Home Movie Vault Disc Vault Coming Soon Local Scene Articles Partners About Us Contest Soundtrack
  Publicity Stills of "The Convenant"
(Courtesy from Columbia TriStar)

Genre: Thriller
Director: Renny Harlin
Cast: Steven Strait, Sebastian Stan, Toby Hemingway, and Chace Crawford
RunTime: 1 hr 37 mins
Released By: Columbia TriStar
Rating: PG

Opening Day: 2 November 2006


In 1692, in the Ipswich Colony of Massachusetts, five families with untold power formed a covenant of silence. One family, lusting for more, was banished - their bloodline disappearing without a trace. Until now.

The Covenant tells the story of the Sons of Ipswich, four young students at the elite Spencer Academy who are bound by their sacred ancestry. As descendants of the original families who settled in Ipswich Colony in the 1600's, the boys have all been born with special powers. When the body of a dead student is discovered after a party, secrets begin to unravel which threaten to break the covenant of silence that has protected their families for hundreds of years.

Movie Review:

This reviewer was eating his dinner alone one evening, minding his own business, when he overheard a discussion at the next table. A group of Ah Bengs were arguing over what movie to watch.

(TalkingCock.com’s Coxford Singlish Dictionary tells this reviewer that an Ah Beng is an “unsophisticated Chinese boy” who speaks gutter Hokkien and conspicuously displays his neon-coloured clothes and flashy accessories)

That incident happened before this reviewer watched this latest supernatural thriller directed by Renny Harlin. If he had enough courage, he would go up to the boys and advise them to catch this scare-less no-brainer movie.

You see, almost everything about this 97-minute noisy teen-trash flick would excite them. And they’d come out off the theatre really happy.

The story tells of four young men (aptly fitting the definition of a western Ah Beng) who have some supernatural powers because they are descendants of an ancient powerful England legacy. When an evil force in the form of a fifth Ah Beng (okay, stop this Ah Beng joke already!) threatens to upset the balance they have been keeping, the four of them must come together to stop this catastrophe.

Witchcraft, curses, powers, spiders and legacies – sounds pretty decent, you say?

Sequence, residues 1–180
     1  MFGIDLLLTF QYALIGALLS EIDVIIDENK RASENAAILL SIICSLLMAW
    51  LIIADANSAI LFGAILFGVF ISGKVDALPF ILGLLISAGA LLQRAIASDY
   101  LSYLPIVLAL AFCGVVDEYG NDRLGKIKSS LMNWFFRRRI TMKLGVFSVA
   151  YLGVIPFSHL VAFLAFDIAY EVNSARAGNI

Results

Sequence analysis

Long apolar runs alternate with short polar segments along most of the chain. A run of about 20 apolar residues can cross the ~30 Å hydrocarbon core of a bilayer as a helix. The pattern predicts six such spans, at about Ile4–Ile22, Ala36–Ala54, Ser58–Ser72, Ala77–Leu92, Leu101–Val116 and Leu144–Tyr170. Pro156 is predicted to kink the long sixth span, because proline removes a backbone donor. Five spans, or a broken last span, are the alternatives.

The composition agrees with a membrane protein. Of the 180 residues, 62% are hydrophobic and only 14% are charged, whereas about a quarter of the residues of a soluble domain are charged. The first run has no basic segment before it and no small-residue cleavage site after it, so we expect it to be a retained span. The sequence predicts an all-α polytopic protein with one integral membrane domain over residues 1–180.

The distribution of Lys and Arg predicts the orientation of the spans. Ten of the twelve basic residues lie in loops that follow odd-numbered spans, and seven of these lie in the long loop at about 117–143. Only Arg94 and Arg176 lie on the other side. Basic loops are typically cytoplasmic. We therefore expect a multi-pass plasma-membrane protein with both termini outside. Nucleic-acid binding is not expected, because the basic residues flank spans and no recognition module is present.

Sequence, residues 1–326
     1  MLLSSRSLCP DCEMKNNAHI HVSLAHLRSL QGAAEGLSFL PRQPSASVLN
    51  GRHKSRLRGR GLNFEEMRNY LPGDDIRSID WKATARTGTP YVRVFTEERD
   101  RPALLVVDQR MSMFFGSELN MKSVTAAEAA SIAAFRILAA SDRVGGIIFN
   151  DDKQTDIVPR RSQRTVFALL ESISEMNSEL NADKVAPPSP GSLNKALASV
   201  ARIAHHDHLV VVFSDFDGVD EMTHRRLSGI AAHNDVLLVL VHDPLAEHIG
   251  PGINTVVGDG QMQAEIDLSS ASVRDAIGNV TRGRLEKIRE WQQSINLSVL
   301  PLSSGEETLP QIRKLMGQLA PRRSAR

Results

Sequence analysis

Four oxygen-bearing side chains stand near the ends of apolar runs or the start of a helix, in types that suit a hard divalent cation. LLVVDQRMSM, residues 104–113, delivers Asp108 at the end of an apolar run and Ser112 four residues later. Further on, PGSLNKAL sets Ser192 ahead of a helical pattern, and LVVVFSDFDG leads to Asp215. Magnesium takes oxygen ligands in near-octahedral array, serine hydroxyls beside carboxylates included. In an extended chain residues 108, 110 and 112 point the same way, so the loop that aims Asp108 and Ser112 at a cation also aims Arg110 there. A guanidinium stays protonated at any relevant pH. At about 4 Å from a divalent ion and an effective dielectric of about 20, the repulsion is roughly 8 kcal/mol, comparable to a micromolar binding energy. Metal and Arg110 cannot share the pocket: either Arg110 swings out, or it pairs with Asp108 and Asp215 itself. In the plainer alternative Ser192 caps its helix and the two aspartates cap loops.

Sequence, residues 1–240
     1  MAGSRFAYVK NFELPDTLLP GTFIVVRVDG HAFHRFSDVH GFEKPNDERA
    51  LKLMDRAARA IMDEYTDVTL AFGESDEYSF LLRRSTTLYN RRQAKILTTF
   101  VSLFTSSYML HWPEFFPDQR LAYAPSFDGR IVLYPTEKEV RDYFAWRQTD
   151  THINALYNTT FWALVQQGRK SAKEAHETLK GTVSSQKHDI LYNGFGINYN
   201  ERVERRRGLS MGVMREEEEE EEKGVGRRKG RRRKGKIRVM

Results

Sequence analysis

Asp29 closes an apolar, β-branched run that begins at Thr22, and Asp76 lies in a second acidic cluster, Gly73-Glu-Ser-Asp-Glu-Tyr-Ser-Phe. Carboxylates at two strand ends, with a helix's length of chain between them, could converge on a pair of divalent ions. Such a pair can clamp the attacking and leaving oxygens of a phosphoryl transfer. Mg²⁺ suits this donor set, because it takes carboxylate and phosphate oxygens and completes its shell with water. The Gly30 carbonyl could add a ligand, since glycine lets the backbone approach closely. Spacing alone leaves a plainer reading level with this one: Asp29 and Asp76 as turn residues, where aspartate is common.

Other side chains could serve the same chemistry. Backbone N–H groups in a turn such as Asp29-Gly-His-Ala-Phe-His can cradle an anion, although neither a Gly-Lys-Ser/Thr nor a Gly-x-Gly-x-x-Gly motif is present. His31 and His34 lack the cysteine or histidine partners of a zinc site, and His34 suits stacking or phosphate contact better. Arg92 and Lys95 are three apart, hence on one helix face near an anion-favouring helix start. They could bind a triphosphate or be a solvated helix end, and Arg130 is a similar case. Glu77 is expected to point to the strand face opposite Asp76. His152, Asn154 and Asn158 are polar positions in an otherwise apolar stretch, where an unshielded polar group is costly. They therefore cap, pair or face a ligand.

Well, to be fair, the story does try its best to intertwine some serious ancient legend about the influential legacy, and how the powers are passed on to future generations. But the problem is, when all these are told in the form of texts running across the screen within the movie’s first five minutes, you don’t expect anyone to take them seriously, do you?

From there, the movie goes into ecstasy mode.

Expect to be deafened by revving motorcycle and car engines, blasting rock music playing in the background courtesy of groups like White Zombie and Jules X, and many other countless explosions and loud effects.

Shot in dark and gloomy hues of blue and grey, many sequences are clearly an excuse for the visual effects artists to show off their computer generated effects of flying water-balls, people falling off high cliffs uninjured and blazing fires in the Ah Bengs’ eyes (yes, we promise this is the last time you’d see this word).

There is also some exploitation of skin here, given the scenes where the characters, played by a relatively unknown cast, are bathing, showering and swimming. Not that we are complaining, because their model-perfect bodies are ogle-worthy.

The same can’t be said about their acting though. Steven Strait, who plays the male lead, is so stiff; you’d only be paying attention to his inability to emote when he attempts to tell you how he can save the world from evil. Laura Remsey, who plays his love interest, fulfils her duty of looking pretty. The only character who manages to inject some fun is the baddie, played by a cheeky Sebastian Stan.

Director Harlin has helmed a few decent thrillers like Die Hard 2 (1990), Cliffhanger (1993) and Deep Blue Sea (1999). With his latest work, it seems like he knows the tastes of today’s MTV-generation of young punks.

Yes, this would be the same group of people whom you’d expect to be discussing how great this movie is straight after they step out of the cinema.

Movie Rating:

(If you enjoy being deafened by loud and noisy movies, then this thriller would be your thing. If not, you’d be better off listening to the radio)

Review by John Li

DISCLAIMER: Images, Textual, Copyrights and trademarks for the film and related entertainment properties mentioned
herein are held by their respective owners and are solely for the promotional purposes of said properties.
All other logo and design Copyright©2004-2006, movieXclusive.com™
All Rights Reserved.